Snowy morning at the neighborhood cemetery.
(I love having a neighborhood cemetery.)
Diane Ravitch on The Daily Show.
Ravitch is the queen. If only the government would listen…
We would also address poverty directly. We would increase the minimum wage and make post-secondary education cheap or free, and we’d improve improve unemployment benefits and offer free job-training to the unemployed.
Poverty is one of the few social ills where throwing money at the problem really does seem to work.
These are not radical, liberal ideas. In fact, in Europe most of them are associated with the more conservative parties, and many of them were associated with the American Republican party in the 80s. But the United States’s political climate is so different from anywhere else in the industrialized world that I fear we will just continue to get farther behind in education (and in % of people living in poverty) until we decide to make some big domestic investments.
I want this. And a giant room to roll around in it.
(Source: David Garcia Studio)
For Small Business Saturday/Indies First, I spent part of the afternoon as a temporary bookseller at Addendum Books in St. Paul, MN, where I got to hang out with Lauren Stringer, Dawn Klehr, and Will Alexander (and pick up these signed copies of Will’s Goblin Secrets and Rainbow Rowell’s Eleanor & Park) before more of the day’s TWENTY SIX (!!!) participating authors took our places. Then I zipped over to the bustling Red Balloon Bookshop to chat with Brian Farrey and David LaRochelle and buy some personalized picture books.
So grateful for the Twin Cities community of readers, writers, booksellers, and book lovers. What an exciting and encouraging day.
Writers and their dogs.
From top: Kurt Vonnegut and Pumpkin, Stephen King and Marlowe, Donna Tartt and Pongo, P.G. Wodehouse and Jed, Ann Patchett and Rose.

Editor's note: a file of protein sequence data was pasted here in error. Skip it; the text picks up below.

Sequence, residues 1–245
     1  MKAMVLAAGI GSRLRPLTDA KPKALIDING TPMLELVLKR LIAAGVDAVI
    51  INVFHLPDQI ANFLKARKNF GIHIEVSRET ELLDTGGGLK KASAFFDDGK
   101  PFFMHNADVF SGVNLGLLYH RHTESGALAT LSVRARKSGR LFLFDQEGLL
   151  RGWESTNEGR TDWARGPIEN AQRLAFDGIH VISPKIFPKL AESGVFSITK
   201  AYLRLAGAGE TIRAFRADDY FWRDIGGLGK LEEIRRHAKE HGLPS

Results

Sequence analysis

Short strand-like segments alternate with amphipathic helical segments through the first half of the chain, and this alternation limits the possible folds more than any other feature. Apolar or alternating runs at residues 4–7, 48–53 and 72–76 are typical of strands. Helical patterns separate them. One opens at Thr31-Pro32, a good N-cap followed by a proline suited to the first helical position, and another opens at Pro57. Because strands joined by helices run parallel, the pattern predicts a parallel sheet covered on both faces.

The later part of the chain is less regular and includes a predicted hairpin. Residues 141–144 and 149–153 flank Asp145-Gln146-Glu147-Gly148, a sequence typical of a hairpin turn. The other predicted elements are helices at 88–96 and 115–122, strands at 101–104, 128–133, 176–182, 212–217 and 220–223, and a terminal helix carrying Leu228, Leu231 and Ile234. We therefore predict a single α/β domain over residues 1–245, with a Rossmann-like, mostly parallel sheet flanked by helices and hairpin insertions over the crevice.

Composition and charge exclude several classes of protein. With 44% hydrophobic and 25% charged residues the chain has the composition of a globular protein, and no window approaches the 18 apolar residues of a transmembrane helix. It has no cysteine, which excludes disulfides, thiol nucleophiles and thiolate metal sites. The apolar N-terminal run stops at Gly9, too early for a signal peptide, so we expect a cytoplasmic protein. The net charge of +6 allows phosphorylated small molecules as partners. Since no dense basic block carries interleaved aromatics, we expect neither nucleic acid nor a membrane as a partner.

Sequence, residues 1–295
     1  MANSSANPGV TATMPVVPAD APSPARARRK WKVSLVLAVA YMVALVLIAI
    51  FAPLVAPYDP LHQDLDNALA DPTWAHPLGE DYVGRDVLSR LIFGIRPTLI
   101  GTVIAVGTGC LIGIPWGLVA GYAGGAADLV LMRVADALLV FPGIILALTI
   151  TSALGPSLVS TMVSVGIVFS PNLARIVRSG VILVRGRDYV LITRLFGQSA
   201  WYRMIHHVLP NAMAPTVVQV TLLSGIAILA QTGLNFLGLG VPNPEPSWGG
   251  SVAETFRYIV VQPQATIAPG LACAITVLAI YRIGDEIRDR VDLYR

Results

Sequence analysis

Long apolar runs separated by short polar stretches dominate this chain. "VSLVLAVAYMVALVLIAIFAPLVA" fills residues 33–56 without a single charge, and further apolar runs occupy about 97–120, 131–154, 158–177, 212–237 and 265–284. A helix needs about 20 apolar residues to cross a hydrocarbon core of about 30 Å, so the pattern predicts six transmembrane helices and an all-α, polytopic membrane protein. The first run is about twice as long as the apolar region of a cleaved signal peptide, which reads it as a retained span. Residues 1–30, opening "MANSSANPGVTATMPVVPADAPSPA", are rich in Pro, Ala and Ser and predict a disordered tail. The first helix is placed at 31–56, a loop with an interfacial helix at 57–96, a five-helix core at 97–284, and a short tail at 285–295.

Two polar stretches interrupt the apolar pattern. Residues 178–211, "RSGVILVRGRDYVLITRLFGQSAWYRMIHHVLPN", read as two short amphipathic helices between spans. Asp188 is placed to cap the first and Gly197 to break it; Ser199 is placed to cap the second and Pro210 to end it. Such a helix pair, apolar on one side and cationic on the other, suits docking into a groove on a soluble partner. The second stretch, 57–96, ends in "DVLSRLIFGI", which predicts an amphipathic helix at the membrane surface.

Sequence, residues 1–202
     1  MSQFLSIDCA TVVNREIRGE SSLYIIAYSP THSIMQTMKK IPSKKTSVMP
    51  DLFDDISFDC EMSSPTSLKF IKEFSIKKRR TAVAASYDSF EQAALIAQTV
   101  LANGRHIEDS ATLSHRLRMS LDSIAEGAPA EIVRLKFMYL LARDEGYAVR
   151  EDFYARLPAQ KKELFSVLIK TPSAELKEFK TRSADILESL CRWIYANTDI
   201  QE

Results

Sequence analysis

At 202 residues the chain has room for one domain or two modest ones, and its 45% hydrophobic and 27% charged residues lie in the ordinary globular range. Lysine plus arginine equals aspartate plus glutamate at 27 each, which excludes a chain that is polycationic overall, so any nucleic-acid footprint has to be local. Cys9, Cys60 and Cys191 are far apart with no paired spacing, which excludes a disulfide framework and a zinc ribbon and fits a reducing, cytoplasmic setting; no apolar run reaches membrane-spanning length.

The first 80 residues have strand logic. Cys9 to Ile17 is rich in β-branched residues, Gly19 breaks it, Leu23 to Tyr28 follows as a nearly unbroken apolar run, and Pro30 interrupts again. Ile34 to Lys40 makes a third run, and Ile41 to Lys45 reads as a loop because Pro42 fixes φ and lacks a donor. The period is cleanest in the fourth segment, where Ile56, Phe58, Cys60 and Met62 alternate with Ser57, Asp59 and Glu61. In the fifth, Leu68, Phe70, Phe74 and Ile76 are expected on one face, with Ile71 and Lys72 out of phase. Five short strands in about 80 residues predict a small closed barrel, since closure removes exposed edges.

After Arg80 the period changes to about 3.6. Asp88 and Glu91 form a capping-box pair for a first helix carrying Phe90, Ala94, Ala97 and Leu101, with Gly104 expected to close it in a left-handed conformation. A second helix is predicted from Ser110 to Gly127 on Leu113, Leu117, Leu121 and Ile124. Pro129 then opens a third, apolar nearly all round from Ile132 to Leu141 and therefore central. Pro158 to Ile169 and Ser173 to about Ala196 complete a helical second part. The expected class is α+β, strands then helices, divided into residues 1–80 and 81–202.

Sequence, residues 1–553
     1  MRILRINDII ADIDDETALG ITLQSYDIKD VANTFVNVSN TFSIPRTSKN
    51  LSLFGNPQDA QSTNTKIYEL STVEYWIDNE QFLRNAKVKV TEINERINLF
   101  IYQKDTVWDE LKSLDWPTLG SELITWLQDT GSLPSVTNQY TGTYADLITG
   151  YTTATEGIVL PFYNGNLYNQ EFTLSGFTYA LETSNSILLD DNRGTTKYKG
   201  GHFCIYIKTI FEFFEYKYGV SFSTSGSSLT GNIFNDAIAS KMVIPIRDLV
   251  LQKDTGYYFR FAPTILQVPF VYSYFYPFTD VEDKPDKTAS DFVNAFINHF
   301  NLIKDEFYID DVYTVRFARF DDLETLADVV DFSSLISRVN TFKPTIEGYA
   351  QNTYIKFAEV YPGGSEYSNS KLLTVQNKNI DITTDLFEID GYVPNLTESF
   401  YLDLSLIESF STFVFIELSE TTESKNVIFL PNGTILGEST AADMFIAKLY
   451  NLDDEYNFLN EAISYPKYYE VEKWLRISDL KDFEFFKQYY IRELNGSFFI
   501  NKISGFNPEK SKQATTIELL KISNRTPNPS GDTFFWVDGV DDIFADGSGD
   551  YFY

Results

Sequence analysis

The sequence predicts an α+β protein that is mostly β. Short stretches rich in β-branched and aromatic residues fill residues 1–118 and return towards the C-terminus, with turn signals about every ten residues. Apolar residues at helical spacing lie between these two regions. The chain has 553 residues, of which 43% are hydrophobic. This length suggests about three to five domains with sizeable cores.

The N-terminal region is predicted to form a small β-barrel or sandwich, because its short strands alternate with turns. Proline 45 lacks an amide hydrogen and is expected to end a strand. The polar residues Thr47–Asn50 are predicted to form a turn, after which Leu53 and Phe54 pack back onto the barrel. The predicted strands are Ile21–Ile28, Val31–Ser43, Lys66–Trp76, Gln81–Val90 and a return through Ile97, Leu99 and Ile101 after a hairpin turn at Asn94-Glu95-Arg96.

(Photos by Jill Krementz)
|—||Margaret Atwood, “The Page”|
GRIP THE RAVEN . The taxidermied raven that inspired the Poe poem of the same name [x]
Perched on a log in the Rare Books department of the Philadelphia Free Library stands a strange piece of history. Dead since 1841, but preserved with arsenic, and frozen inside a shadow box, this bird’s legacy is longer than most people’s. His name is Grip. Grip the Clever, Grip the Wicked, Grip the Knowing. Once Charles Dickens’ pet raven, upon its death Dickens had it professionally taxidermied and mounted. Grip even makes an appearance in Dickens’ lesser-known story "Barnaby Rudge." That book was reviewed by then literary critic Edgar Allan Poe. Poe wrote that “[the raven’s] croaking might have been prophetically heard in the course of the drama.” It wasn’t long after this that Poe published his breakout work “The Raven.” The coincidence didn’t escape notice, and Poe was taunted with the refrain “Here comes Poe with his Raven, like Barnaby Rudge, / Three fifths of him genius, two fifths sheer fudge.”
Despite this, “The Raven” was a smash success and Poe enjoyed performing readings at fancy salon parties. He would turn down all the lights and recite the poem with great drama. Everyone referred to him as “the Raven,” but it would only be four years after publishing “The Raven” and gaining worldwide fame that Poe would be found delirious on the streets of Baltimore, dying shortly thereafter. Today, Grip the Raven, who inspired both Dickens and Poe, can still be seen, proud as ever, in the Free Library of Philadelphia Rare Book Department, along with a great collection of both Poe and Dickens originals and other rare books.